25 Aug 2017
We recently met with two professionals to discuss the potential skills shortage which the industry is facing. To stimulate debate, we posed the following statement - never mind millennials, we should recognise the ability of experienced surveyors to learn and adapt. Discuss.
Shyam Visavadia MRICS
Project Manager, Faithful+Gould and Founder, Graduate Surveyors, Dubai
It’s estimated that millennials will comprise around 75% of the global workforce by 2025, so with such strong competition for the best talent, it’s crucial that employers develop clear strategies to attract and retain tomorrow’s leaders.
Instead of exacerbating the industry’s skills shortage by relying solely on an experienced but ageing workforce, surveying firms should be embracing millennials, as they are a powerful generation of workers who have a strong influence on the way in which we work. They have grown up with social media and smart devices – vital tools for a modern business – which many baby boomers find difficult to grasp.
They also have a different outlook to management and work culture, which can complement corporate strategy and business development. For too long, millennials have been forced to adapt to an outdated, hierarchical culture that can suppress their ability to naturally flourish within the workplace.
The reason many graduates aspire to work for firms such as Google and Apple is because of work cultures and management styles. These organisations provide an environment of meritocracy, where ideas and suggestions are embraced, not frowned upon. As a millennial working within the property and construction industry, I have found many of my employers adopt a “my way or the highway” approach which, in my opinion, isn’t a sustainable one. The business landscape is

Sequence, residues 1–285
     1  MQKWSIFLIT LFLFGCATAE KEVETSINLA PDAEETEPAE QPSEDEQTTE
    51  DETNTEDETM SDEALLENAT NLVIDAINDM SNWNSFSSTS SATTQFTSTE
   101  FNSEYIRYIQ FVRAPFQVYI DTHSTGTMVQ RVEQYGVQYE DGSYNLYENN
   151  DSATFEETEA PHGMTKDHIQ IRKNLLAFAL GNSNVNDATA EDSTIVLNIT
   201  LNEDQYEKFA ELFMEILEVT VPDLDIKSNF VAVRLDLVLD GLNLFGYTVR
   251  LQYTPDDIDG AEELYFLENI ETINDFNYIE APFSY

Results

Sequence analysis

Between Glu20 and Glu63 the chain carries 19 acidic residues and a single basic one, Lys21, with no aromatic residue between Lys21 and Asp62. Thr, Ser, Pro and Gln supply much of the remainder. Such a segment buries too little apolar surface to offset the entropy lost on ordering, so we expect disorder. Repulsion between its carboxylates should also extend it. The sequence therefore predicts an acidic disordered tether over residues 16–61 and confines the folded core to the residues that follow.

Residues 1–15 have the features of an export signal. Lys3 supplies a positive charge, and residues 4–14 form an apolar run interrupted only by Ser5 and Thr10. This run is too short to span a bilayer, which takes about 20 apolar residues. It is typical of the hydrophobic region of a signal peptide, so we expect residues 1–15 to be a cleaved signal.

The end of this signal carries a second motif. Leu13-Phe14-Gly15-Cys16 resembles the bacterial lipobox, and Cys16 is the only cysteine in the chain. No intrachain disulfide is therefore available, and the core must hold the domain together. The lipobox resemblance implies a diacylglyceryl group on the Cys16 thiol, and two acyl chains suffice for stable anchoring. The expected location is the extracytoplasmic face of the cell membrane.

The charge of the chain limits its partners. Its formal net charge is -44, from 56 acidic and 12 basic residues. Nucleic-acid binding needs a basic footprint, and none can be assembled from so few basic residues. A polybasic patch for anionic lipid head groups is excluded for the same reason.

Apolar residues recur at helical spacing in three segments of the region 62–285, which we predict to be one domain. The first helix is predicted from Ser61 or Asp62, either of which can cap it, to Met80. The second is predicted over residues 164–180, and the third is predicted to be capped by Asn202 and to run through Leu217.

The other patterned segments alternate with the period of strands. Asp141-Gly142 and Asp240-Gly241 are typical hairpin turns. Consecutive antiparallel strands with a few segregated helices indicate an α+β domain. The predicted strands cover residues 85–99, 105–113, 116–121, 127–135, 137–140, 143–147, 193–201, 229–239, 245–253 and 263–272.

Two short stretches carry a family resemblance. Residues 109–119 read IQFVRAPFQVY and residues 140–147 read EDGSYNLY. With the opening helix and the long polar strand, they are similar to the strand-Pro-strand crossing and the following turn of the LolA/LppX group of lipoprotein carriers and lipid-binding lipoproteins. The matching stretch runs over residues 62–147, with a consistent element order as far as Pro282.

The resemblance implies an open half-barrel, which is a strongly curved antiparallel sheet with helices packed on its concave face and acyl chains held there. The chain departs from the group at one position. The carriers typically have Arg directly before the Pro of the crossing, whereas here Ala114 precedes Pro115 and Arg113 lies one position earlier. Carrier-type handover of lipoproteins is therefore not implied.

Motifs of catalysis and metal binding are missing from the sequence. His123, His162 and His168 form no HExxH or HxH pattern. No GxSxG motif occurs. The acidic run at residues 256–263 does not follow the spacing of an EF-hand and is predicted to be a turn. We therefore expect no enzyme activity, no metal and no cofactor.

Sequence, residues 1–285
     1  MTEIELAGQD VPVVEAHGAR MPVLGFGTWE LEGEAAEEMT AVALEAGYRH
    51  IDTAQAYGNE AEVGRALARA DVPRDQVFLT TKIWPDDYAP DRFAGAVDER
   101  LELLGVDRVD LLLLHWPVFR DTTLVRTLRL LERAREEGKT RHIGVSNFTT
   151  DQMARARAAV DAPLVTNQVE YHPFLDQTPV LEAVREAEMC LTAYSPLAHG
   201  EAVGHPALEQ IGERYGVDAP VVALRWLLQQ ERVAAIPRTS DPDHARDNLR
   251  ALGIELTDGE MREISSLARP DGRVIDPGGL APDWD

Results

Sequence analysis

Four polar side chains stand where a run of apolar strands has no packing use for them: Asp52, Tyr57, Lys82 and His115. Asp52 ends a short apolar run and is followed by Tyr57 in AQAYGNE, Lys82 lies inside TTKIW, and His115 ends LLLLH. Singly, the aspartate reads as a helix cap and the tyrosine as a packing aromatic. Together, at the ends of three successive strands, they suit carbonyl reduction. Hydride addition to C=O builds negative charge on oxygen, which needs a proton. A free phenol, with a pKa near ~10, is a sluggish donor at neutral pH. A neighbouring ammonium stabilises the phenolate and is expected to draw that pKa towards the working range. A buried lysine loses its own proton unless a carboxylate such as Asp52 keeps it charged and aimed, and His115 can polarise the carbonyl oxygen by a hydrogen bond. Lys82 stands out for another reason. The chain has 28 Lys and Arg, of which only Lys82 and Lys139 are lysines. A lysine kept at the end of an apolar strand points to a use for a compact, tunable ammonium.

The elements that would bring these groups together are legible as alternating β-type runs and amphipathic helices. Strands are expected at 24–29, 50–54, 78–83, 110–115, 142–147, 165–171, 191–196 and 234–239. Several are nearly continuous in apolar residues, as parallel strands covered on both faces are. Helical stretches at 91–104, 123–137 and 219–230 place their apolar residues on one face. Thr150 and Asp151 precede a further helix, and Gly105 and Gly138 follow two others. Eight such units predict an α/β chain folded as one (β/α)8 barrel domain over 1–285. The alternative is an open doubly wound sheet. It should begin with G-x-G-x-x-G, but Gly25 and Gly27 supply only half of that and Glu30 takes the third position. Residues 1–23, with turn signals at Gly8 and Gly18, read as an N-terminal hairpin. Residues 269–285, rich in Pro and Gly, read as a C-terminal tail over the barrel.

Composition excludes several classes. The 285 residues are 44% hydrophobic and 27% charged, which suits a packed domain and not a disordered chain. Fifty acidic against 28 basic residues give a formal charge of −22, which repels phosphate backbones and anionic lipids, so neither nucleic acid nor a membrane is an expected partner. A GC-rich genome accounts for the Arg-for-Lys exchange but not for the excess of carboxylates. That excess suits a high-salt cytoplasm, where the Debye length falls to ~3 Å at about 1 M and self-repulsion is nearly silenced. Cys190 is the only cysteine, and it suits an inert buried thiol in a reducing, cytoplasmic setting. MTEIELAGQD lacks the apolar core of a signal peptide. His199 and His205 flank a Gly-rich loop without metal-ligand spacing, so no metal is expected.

changing and millennials have little corporate loyalty. If employers don’t work harder to retain young workers, they will leave for the competition or pursue other creative or entrepreneurial ventures.
Dean Carrick MRICS
Associate, Doig+Smith, Edinburgh
It is evident that the industry has recently focused on the development of the more youthful contingent of our workforce – there are rafts of industry awards for young surveyor of the year or youth development, but there don’t appear to be any that specifically reward the more experienced.
Some may see this as positive discrimination. The industry is awash with new directions, new technologies and new ideas, which should be embraced and championed, and sometimes the best people to do this are those with no predilections or agenda to refute that modernisation is required. Having said that, at the basis of our profession are key requirements and essential skills, and some of these can only be honed through experience.
Experience is a journey, not simply a destination, and it’s often necessary to experience mistakes to enable professional practice to be rich, diverse and informed. By 2020, one-third of the UK workforce will be over the age of 50, so it’s important we harness the skills and expertise that older workers bring to the table.
I came to surveying a little later in life, so as a dog that was taught new tricks, I am able to see how those with experience have the potential benefits to enhance the profession alongside the driven youth that swell our ranks. The discussion therefore shouldn’t be about experience versus youth – it should be about how the exuberance of young professionals can be harnessed by the experienced and knowledgeable. I would like to think the profession can, if not needs to, embrace all ages in development.
This article was originally published in Modus
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